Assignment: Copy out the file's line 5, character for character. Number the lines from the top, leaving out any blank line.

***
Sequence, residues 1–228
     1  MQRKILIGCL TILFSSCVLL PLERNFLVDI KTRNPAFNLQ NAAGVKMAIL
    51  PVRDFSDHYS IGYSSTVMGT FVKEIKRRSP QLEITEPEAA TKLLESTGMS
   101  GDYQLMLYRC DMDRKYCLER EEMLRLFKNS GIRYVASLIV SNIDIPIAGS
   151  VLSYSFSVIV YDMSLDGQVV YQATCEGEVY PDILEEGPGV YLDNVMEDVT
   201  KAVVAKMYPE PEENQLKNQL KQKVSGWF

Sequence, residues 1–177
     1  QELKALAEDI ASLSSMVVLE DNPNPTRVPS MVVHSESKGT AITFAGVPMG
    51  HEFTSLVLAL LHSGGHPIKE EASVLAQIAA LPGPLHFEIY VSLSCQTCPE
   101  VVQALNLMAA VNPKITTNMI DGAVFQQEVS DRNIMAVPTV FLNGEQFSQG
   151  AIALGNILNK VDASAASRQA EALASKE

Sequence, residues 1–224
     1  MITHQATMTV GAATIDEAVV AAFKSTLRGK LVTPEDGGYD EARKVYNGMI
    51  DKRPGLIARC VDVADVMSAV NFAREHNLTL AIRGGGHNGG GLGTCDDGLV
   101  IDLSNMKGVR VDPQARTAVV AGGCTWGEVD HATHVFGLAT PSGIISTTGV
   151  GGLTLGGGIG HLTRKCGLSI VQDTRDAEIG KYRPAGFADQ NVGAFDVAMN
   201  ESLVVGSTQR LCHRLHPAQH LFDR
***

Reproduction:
   151  VLSYSFSVIV YDMSLDGQVV YQATCEGEVY PDILEEGPGV YLDNVMEDVT